Simon Rennie, DDOT project manager for DC Streets, notes that change can be difficult in public agencies, and welcomes the injection of innovation that this type of contract allows. According to Rennie, the greatest advantage to such a contract is the ability to address unforeseen maintenance without the need for an additional appropriation process and the corresponding delay. For example, when Hurricane Isabel struck the District in September 2003, resulting in downed trees and submerged highways, Rennie had already consulted with VMS to arrange standby crews to address the damage. As a result, the roadways were restored within 72 hours, a feat that Rennie does not believe would have been possible before the DC Streets initiative was in place.
Rennie places a high value on this responsiveness to emergencies and citizen complaints. "Now, when someone calls our office with a report of an asset needing repair, I can call VMS, report the problem, get the schedule for when it will be fixed, and call the citizen back and tell them when the problem will be addressed, all in a short time," he says.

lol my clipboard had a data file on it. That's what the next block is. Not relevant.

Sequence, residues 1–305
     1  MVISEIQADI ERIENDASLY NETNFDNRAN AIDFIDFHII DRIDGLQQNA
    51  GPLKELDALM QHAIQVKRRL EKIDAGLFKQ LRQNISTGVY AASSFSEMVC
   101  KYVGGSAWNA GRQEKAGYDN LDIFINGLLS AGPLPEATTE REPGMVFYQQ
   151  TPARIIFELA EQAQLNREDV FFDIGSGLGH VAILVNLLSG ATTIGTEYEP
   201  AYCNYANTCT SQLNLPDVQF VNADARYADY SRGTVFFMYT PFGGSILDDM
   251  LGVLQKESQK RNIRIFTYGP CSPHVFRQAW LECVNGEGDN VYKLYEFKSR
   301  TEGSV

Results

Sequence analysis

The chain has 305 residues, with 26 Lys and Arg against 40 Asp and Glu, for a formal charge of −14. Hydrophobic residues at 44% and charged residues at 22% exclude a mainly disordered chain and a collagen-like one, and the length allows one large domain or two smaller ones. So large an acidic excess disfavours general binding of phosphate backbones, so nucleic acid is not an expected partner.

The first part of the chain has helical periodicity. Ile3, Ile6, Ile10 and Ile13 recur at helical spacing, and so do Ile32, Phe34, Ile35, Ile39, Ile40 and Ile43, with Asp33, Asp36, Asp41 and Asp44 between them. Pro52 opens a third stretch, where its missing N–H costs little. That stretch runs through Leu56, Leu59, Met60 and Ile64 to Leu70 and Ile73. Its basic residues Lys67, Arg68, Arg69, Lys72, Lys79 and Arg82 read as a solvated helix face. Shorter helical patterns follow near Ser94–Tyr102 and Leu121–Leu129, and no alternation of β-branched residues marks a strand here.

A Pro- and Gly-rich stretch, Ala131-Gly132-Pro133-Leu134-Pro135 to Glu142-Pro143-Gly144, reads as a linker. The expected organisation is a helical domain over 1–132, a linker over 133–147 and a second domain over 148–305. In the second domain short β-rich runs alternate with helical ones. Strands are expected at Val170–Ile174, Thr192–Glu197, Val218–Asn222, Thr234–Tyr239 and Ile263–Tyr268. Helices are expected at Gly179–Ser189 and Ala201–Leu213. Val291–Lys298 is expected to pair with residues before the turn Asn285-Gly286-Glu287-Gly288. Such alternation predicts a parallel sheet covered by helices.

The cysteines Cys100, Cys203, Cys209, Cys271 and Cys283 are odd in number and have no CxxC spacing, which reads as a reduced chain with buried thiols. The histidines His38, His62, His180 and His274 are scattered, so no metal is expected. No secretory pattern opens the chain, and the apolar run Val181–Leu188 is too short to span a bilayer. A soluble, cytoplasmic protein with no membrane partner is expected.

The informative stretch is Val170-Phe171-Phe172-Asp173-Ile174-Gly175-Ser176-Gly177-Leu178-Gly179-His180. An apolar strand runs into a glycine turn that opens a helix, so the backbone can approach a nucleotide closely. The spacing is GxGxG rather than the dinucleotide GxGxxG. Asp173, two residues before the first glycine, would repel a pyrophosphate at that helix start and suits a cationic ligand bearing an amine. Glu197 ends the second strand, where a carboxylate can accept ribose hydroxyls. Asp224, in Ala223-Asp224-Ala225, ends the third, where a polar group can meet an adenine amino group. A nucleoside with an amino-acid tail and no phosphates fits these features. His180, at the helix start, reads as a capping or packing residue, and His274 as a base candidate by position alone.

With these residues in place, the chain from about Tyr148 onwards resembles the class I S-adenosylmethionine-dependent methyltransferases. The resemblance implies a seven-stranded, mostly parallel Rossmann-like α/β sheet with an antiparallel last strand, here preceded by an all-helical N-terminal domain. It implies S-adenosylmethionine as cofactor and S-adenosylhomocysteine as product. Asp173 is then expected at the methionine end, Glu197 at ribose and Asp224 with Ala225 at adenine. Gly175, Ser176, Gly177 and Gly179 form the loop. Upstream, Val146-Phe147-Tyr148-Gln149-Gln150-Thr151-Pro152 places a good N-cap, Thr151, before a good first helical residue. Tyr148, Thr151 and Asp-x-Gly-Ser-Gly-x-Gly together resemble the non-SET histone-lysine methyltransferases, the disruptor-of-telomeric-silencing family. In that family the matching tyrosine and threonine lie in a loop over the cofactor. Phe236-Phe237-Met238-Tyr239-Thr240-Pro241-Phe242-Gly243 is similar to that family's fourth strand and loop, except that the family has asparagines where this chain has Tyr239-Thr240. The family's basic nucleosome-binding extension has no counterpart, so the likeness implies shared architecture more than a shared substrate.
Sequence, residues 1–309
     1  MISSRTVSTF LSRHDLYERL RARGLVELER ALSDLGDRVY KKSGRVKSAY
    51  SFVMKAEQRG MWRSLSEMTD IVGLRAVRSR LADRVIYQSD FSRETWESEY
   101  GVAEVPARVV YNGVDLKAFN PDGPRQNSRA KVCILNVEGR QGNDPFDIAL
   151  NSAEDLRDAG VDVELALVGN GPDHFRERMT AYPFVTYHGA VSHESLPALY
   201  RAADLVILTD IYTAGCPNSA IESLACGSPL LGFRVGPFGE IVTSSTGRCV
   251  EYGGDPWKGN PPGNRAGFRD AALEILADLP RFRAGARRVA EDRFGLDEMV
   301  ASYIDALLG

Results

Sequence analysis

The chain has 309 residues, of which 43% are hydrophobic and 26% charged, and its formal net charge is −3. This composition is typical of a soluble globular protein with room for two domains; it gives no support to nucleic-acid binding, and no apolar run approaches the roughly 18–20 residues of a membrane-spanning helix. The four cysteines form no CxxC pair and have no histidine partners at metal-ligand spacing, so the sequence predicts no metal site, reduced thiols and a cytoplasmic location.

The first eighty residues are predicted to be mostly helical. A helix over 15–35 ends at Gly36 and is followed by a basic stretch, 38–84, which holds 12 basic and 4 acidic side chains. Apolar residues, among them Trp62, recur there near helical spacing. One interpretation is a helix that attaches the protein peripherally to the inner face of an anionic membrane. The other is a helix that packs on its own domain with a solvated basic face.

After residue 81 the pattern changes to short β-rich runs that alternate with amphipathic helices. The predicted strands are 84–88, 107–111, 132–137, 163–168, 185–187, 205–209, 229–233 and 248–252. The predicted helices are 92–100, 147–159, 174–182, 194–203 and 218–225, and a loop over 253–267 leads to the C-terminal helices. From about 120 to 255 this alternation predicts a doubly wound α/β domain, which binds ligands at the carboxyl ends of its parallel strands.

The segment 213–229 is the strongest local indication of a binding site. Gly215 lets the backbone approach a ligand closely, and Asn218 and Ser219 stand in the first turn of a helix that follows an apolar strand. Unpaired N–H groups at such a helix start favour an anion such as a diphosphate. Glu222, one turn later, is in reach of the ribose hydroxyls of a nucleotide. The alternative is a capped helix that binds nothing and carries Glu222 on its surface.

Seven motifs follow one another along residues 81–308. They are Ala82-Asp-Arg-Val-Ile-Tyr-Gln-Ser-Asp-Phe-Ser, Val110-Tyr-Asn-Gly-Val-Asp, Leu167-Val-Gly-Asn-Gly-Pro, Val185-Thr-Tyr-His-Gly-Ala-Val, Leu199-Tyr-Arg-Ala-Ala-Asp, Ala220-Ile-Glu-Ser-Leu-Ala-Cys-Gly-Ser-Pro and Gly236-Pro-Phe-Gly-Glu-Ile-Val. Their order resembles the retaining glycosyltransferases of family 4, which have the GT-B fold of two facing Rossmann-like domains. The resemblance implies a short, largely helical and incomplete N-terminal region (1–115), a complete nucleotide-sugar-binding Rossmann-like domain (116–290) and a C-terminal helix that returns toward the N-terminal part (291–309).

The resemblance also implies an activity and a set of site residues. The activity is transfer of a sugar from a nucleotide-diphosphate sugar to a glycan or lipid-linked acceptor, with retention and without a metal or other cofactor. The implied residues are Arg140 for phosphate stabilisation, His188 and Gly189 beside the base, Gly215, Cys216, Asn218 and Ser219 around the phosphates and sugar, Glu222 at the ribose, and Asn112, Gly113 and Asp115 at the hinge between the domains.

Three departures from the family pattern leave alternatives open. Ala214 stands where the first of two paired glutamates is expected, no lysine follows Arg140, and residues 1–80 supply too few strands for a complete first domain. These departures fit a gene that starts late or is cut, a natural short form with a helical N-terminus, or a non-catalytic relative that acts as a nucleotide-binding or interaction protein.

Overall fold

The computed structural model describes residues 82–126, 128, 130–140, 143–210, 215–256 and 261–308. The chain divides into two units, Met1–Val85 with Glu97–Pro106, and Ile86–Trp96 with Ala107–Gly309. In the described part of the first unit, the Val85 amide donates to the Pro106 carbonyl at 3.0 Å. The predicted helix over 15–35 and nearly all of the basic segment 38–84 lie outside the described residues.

Despite its successes, the DC Streets program has not been without a few lessons learned on how to do a better job in future initiatives. According to Mark Robinson, program manager for Science Applications International Corp. (SAIC), which provided management consulting services for the DC Streets initiative, the contract has been a success, but some of the actual contract language should be adjusted in future contracts of this nature.
Work performed under the DC Streets contract has included snow removal and clearing trees and other debris after Hurricane Isabel hit the city in September 2003.
"Because this was the first time that such a contract was drafted for an urban area, some of the demands it stipulates were not achievable with reasonable effort," says Robinson. "For example, a few of the maintenance categories are still not up to par because there is not a well defined line between what is rehabilitation, which is covered in the contract, and what is reconstruction, which is not. So some actions required to satisfy the performance standards fall outside the scope of the contract. We've resolved these issues through a combination of general partnering agreements and item-by-item negotiations. Because this is a hybrid of a construction and a services contract, we need to better define the rehabilitation/reconstruction criteria in the future."